Searching For A Therapist? Requirements For A Successful Therapeutic Relationship
By: Stephanie Kirby
Updated February 23, 2021
Medically Reviewed By: Whitney White, MS. CMHC, NCC., LPC
Congratulations on deciding to give therapy a try. There are so many ways that therapy sessions can help you improve your life. The next step is finding a therapist. It'd be nice if every therapist out there was equal and you could randomly choose one from a list and know that it was going to be a good it. But, just like with any medical professional, that's not how it works. There are many parts to a successful therapist and finding the right therapist for you.
How To Find A Good Therapist
Remember that when you choose a therapist it's important that you know what therapist requirements are important to you. There are some things on this list that will be important to you and others that won't be. Each person is unique which means that not one therapist is going to be the right fit for everyone.
Understand Education and Training
Psychologists typically have doctoral degrees with either a focus in clinical work or in research. A psychologist that works directly with patients is most likely to have a degree with a focus in clinical work. Other therapists will have a minimum of a master's degree in counseling or a related field, like clinical social work or marriage and family therapy.
Look for a License
Most states and territories require practicing therapists to obtain and maintain a license issued by the state. These licenses require therapists who hold them to have a minimum education standard, comply with state laws and ethics, and to maintain continuing education each year so that the therapist is in tune with the latest in research pertaining to their work.
If you have a budget that you need to keep in mind because you'll be paying out of pocket than you need to find out what a therapist charges before you make an appointment. Make sure you ask about all the options. Some therapists will offer a sliding scale. This means the price of your appointment will be based on your income. This can help people with lower incomes still get the help they need with their mental health.
You want to find a therapist that is experienced in what you're going through. Before making an appointment, or during the first appointment, make sure to give them a quick explanation of why you are looking for therapy and ask what experience they have in the area.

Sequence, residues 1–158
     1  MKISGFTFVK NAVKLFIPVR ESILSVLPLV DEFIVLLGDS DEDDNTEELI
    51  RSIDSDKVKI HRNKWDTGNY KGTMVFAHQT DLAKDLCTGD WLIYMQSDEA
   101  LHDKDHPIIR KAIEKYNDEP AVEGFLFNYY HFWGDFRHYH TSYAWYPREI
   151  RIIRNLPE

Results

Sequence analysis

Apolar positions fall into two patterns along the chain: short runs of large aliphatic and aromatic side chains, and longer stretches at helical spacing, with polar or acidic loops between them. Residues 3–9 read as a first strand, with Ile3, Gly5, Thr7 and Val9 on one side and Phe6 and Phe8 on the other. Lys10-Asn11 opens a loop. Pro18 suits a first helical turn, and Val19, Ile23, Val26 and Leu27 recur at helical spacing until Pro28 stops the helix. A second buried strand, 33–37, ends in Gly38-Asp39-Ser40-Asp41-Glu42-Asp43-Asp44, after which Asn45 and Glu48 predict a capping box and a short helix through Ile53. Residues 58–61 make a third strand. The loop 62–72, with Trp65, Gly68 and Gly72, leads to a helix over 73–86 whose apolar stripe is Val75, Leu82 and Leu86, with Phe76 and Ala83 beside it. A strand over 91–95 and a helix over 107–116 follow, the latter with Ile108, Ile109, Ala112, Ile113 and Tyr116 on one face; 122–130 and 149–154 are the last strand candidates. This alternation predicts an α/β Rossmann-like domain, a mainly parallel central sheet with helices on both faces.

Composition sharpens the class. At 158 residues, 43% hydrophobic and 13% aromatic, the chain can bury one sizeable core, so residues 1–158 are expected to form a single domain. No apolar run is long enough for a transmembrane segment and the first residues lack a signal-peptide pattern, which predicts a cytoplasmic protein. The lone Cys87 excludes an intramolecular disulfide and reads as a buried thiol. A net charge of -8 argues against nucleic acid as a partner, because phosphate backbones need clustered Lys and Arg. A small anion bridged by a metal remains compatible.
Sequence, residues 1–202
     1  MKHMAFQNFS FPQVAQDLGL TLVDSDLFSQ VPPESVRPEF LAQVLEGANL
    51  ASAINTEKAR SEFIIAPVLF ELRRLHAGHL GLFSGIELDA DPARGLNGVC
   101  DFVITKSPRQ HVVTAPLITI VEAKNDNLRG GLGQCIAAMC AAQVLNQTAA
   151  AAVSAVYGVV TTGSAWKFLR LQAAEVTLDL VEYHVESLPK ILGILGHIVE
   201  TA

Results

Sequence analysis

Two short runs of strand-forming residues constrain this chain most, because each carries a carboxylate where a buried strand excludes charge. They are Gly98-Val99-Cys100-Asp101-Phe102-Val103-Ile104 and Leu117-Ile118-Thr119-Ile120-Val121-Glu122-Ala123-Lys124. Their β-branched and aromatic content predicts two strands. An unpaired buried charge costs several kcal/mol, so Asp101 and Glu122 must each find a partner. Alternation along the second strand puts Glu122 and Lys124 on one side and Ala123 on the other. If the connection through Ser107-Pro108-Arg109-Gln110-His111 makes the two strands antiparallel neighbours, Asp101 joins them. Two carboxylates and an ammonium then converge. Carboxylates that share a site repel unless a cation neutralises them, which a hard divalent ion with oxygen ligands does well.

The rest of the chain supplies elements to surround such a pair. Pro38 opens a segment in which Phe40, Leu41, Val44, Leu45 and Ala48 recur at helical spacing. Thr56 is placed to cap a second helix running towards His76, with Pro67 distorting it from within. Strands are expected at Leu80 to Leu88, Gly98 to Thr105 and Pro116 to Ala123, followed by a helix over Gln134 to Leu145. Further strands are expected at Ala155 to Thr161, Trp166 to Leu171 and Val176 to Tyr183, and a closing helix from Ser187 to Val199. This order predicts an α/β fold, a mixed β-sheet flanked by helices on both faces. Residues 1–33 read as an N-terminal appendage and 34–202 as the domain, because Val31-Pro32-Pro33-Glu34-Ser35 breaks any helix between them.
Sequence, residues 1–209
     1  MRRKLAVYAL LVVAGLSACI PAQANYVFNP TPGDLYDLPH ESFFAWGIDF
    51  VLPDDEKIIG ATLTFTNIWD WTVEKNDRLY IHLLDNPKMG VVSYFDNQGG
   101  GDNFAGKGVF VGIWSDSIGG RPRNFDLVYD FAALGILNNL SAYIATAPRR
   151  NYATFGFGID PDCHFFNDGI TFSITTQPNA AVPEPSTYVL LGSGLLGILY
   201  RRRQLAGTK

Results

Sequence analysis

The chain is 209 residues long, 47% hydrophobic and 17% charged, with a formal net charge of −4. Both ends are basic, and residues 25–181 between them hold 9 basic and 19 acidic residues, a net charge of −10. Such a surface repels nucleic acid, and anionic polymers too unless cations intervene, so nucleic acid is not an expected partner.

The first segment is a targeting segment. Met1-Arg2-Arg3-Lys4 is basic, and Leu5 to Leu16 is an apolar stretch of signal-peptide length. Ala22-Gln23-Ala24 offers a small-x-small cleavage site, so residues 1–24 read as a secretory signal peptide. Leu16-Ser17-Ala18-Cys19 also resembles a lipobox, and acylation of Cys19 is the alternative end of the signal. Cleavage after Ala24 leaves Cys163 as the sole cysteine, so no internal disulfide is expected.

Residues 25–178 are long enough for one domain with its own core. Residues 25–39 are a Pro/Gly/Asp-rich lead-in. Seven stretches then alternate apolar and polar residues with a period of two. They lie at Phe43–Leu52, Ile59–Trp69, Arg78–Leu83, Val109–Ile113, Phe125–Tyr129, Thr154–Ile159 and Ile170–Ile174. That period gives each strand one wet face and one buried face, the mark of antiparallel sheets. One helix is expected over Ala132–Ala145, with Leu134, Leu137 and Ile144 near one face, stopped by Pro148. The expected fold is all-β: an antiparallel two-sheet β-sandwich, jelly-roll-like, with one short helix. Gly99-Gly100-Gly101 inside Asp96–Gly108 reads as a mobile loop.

Someone You're Comfortable With
To get the full benefit out of therapy you need to be working with someone that you're comfortable sharing personal details with. You will most likely be telling your therapist things that you haven't told other people or haven't shared with many people. It's necessary that you're able to do this if you're going to make real breakthroughs in your treatment. If you are not comfortable with your therapist, then you're better off to find someone that you are comfortable with. This doesn't mean that there's something wrong with a therapist, but different personalities do better together. If you're not comfortable then you need to find someone else. Some research indicates that the relationship between therapist and client is a very important factor in the success of therapy outcomes.
High Levels of Therapist Confidentiality
The therapist you choose should have clearly spelled out policies about privacy and confidentiality that they explain in both writing and verbally before your first session. It's common for therapists to ask for consent to inform insurance companies or other payers about your sessions in order to get payment, but the only time law permits a therapist to break confidentiality is if you are in danger, or in cases where they know of child abuse or neglect, or elderly abuse or neglect.